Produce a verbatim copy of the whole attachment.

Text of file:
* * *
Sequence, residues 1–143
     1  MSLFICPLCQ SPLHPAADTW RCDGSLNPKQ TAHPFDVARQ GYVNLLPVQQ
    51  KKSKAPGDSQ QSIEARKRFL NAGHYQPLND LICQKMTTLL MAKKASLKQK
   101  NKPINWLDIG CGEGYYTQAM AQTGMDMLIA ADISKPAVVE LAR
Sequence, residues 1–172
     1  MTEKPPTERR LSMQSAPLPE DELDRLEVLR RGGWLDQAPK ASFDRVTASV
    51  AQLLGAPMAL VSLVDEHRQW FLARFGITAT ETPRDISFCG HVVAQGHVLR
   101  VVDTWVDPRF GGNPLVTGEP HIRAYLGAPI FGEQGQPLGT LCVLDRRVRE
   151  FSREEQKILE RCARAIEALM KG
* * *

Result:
Sequence, residues 1–143
     1  MSLFICPLCQ SPLHPAADTW RCDGSLNPKQ TAHPFDVARQ GYVNLLPVQQ
    51  KKSKAPGDSQ QSIEARKRFL NAGHYQPLND LICQKMTTLL MAKKASLKQK
   101  NKPINWLDIG CGEGYYTQAM AQTGMDMLIA ADISKPAVVE LAR
Sequence, residues 1–172
     1  MTEKPPTERR LSMQSAPLPE DELDRLEVLR RGGWLDQAPK ASFDRVTASV
    51  AQLLGAPMAL VSLVDEHRQW FLARFGITAT ETPRDISFCG HVVAQGHVLR
   101  VVDTWVDPRF GGNPLVTGEP HIRAYLGAPI FGEQGQPLGT LCVLDRRVRE
   151  FSREEQKILE RCARAIEALM KG